Some commercial motorcycle operators in Ghana are calling for effective legislation of their operations to enable them conduct their businesses without any hindrance.
Their calls follow a recent directive from the National Insurance Commission (NIC) for insurance companies to stop issuing insurance policies to motorcycles and tricycles used for commercial purposes.
Popularly known as “Okada”, motorcycles have become the first choice of many when they want to be transported from one part of town to another.
However, the laws of Ghana prohibit the use of motorcycles and three-wheelers for commercial purposes except for courier and delivery services.
Despite the illegality of their operations, one cannot drive through town without seeing their various stations scattered across the capital, with people busily patronizing their services.
Again, one cannot deny the fact that motorcycle transportation, especially for commercial purposes is serving a public need but unfortunately, it also contributes to social vices that negate the good services they render.
The illegality of their operations has raised several issues, with some people, mostly the middle and the upper class, calling for a ban on the use of motorbikes for commercial purposes whereas another section of the society believes a legalised Okada business will allow the government to ensure they have the right insurance cover for both riders and their passengers.
Citi Business News spoke to some of the riders for their thoughts on the latest directive by government and many of them called for the National Insurance Commission and all relevant stakeholders to allow for the legalisation of their operations.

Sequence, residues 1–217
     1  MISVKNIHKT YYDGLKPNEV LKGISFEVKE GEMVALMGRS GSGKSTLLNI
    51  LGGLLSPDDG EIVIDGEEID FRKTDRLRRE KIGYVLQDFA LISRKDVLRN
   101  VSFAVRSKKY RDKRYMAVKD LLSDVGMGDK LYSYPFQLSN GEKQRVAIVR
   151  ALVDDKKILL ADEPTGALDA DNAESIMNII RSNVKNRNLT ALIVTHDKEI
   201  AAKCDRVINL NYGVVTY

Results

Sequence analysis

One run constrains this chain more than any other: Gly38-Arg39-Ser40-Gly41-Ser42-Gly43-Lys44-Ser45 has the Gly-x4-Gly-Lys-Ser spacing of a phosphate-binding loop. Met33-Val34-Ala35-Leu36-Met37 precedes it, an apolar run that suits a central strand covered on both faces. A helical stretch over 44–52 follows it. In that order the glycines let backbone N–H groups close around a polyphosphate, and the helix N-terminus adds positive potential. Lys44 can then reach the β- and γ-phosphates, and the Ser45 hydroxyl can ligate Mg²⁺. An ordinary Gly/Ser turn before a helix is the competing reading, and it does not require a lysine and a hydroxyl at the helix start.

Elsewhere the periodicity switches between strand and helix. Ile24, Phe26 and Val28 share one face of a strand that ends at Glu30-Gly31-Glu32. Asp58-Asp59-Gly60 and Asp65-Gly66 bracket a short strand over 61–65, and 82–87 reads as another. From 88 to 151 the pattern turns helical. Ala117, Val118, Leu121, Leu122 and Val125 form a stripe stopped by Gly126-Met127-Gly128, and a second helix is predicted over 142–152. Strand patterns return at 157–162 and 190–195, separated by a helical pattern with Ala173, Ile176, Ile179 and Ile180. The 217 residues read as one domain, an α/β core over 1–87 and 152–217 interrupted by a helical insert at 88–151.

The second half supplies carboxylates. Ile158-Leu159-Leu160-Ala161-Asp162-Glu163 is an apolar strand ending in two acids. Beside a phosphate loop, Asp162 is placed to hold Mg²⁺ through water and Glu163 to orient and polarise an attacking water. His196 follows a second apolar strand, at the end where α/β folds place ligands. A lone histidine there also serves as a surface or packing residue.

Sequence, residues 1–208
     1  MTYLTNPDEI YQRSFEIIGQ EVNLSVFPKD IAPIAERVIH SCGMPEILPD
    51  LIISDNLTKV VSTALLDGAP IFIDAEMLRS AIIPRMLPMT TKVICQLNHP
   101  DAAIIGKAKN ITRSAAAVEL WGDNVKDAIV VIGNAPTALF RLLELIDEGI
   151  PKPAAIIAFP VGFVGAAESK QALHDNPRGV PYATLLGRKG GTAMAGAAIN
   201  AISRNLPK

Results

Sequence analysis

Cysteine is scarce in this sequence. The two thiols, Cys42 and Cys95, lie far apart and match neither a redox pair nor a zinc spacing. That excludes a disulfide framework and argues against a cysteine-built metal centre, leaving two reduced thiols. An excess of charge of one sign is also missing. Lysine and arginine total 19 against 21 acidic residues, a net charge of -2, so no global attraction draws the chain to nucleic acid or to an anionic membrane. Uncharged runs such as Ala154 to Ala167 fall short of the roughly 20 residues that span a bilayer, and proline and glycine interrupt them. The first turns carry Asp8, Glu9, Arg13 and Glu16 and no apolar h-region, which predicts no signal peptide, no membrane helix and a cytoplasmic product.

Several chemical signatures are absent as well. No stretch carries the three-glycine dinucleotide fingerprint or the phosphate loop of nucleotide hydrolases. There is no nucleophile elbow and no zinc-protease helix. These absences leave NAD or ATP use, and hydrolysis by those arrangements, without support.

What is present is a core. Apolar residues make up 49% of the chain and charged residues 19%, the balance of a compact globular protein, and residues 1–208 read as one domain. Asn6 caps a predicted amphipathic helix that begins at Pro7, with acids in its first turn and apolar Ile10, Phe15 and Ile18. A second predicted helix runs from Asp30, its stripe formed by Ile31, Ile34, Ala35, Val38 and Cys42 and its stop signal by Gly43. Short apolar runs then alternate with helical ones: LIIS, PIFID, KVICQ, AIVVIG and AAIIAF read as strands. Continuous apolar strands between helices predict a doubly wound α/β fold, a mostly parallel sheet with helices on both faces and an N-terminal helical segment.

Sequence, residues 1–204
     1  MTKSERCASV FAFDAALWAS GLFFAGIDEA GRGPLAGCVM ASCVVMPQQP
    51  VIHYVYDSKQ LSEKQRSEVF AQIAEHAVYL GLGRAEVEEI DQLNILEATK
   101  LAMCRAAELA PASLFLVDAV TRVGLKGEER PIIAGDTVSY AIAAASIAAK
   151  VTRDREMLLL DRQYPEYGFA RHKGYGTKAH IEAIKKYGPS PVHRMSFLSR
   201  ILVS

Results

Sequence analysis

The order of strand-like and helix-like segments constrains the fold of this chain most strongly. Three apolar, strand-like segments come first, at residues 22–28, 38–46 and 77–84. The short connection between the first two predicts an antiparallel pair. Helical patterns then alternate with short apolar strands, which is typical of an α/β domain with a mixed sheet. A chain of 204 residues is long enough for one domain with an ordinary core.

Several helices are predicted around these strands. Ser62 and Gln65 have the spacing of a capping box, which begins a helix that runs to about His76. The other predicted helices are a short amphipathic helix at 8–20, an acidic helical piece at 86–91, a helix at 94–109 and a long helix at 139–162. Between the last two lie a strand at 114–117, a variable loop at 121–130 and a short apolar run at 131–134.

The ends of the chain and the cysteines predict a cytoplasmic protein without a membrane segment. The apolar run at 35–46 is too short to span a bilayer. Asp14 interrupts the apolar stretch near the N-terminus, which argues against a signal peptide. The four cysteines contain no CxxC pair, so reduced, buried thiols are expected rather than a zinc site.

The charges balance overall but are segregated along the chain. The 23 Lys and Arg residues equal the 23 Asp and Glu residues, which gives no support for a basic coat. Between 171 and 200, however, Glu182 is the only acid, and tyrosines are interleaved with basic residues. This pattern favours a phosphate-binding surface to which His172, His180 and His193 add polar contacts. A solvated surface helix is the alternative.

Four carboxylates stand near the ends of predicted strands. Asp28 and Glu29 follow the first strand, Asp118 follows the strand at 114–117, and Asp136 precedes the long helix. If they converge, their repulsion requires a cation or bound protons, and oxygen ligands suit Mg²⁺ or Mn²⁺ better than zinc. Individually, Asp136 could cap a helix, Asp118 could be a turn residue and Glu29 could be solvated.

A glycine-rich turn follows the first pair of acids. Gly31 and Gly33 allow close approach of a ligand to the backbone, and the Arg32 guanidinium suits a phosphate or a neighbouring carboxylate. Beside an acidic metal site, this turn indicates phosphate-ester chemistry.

Enoch who has been operating an okada business since 2011 was one of them.
“I was not happy when I heard about the directive from the Insurance Commission because it means if we are not insured then we cannot operate and earn a living. So I want them to reconsider their decision ”
Another rider Mussa who is stationed at circle assured that okada riders like himself will obey all road regulations and asked government to make their operations legal.
“We will make sure we obey all the rules,we will not give the police any problems, so we should be insured “.
Williams another Okada operator also stationed at circle said if they are not insured and loose their livelihoods they would be forced to steal ” If government does not allow us to be insured and operate our business the legal way,we will lose all our customers and soon be forced to steal because there are no jobs”.
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